SAN FRANCISCO (KPIX 5) — Chinese American World War II veterans are finally getting the recognition they deserve more than 70 years later.

On Saturday, more than 100 Chinese American World War II veterans from the Bay Area and Sacramento will be honored for their sacrifice and service in Sacramento. They will be receiving the Congressional Gold Medal which is Congress’s highest honor of national appreciation. Only four World War II veterans are still alive and will be there this weekend to accept the awards themselves.

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This reporter has been covering this story over the last few years. For my family, the story is a personal one. That’s because one of the Chinese American World War II veterans to be honored is my grandfather.

Back in June 2018, San Francisco supervisors pushed Congress to officially honor and celebrate Chinese American World War II veterans. At the time, I spoke to two of the veterans, heroes who were both proud to be American.

World War II veterans Ron Won and Dale King were in their 90s.

“I’m just as American as anybody else,” said Won. “Just the color of my skin and I’m just as patriotic as any American.”

“If I have to do it again, I’d do it again!” said KIng.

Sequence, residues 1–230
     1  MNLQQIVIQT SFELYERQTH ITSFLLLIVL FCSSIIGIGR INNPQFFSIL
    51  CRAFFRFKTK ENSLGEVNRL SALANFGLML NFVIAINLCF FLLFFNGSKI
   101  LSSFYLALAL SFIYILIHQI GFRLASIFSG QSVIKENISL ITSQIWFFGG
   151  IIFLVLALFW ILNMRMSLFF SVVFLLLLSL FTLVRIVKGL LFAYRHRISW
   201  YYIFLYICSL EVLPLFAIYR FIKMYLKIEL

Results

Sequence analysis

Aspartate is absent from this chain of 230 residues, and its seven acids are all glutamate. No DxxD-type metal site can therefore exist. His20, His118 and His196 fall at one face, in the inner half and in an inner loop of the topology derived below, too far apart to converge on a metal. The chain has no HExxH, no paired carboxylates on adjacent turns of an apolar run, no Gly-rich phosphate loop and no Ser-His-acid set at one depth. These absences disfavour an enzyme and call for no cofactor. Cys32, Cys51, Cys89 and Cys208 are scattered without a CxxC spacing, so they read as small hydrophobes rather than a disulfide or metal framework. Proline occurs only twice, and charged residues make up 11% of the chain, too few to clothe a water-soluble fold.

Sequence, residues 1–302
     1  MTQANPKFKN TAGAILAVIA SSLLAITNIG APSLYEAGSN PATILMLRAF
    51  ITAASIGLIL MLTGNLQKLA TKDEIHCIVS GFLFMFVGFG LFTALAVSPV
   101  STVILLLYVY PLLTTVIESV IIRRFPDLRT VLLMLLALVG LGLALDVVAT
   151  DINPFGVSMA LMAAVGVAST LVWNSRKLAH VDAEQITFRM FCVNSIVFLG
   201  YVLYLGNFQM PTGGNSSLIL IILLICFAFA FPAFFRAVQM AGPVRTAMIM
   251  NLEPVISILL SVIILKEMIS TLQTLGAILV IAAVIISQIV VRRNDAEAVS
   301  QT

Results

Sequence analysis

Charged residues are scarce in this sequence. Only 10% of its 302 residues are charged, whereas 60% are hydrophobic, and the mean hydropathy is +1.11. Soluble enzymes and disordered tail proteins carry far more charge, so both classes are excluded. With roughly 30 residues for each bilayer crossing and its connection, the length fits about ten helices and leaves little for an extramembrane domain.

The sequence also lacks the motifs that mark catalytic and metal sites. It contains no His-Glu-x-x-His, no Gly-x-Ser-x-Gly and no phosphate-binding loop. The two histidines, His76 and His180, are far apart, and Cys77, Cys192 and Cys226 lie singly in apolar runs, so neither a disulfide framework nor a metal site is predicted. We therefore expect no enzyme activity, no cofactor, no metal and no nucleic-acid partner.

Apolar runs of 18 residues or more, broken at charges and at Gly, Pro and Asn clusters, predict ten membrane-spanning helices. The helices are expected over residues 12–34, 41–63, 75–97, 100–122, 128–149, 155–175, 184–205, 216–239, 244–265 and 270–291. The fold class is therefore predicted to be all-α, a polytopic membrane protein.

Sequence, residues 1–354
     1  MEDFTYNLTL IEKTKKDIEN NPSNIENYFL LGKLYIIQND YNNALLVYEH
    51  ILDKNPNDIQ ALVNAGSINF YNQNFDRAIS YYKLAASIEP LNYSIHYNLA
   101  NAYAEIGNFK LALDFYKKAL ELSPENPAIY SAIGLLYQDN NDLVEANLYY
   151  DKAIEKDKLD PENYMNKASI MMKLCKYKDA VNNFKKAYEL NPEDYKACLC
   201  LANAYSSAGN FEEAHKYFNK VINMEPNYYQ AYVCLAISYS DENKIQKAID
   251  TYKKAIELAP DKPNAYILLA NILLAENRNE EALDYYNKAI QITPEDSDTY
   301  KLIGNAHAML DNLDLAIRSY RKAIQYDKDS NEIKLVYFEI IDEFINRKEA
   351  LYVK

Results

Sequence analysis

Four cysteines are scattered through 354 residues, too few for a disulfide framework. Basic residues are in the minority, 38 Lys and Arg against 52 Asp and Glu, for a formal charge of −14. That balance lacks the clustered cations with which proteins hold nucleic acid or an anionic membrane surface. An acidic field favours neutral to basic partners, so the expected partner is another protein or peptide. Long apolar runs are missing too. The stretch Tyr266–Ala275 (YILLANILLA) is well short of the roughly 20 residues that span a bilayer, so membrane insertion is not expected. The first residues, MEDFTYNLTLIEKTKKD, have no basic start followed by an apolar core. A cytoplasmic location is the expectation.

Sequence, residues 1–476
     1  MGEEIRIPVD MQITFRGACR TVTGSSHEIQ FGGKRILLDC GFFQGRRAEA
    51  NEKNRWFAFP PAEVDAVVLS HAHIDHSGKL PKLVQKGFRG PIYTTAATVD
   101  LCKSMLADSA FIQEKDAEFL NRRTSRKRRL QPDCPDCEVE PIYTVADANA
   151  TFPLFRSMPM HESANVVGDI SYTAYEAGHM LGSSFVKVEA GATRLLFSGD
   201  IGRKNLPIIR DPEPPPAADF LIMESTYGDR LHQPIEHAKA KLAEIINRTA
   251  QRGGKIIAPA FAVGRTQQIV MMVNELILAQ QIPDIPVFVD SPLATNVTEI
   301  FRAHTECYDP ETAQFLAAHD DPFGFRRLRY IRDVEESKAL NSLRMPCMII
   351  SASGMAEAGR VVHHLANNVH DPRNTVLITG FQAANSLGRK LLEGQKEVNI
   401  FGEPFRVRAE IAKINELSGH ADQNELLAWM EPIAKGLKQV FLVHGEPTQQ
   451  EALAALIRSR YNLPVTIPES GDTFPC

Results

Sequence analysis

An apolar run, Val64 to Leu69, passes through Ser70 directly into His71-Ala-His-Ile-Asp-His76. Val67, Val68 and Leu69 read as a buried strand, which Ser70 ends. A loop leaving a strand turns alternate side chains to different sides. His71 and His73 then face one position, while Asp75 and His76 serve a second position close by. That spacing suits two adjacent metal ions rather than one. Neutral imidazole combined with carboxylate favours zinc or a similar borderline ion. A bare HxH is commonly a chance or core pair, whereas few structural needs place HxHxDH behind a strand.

Even during a time of extreme racism against Chinese Americans with the Exclusion Act still in place, they felt it was their duty to fight for our freedom. More than 20,000 Chinese Americans served our country around the world and even formed Chinese American squadrons like the Flying Tigers 14th Air Service Group.

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“I think it’s always been important they should’ve been honored,” said former San Francisco Supervisor Norman Yee. “The fact that we have so few veterans I think it’s very important that we recognize them while some of them are still alive.”

In December of 2018, Congress did officially recognize Chinese American World War II veterans for their service and sacrifice, awarding them with the Congressional Gold Medal.

“I think 70 years. It’s too late you know,” said my father, Jim Lee, son of World War II Veteran Edward Lee.

Lee said father told him stories of his service during WWII before he passed away.

“He did tell me the story about the time they were flying over Europe and they were being shot at,” said Lee. “The commanding officer said it’s a good time for you to start praying so we can get out of this alive.”

Edward Lee was in high school when he went to war. He served in the Army Air Corps. He was the only Asian American in his unit.

“He was proud of being a serviceman,” said Lee. “I remember going through his closet one time and found his uniform. This was about 15 years after the war. I remember putting on his jacket and I knew he was a sergeant.”

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To learn more, visit the Chinese American WWII Veterans Recognition Project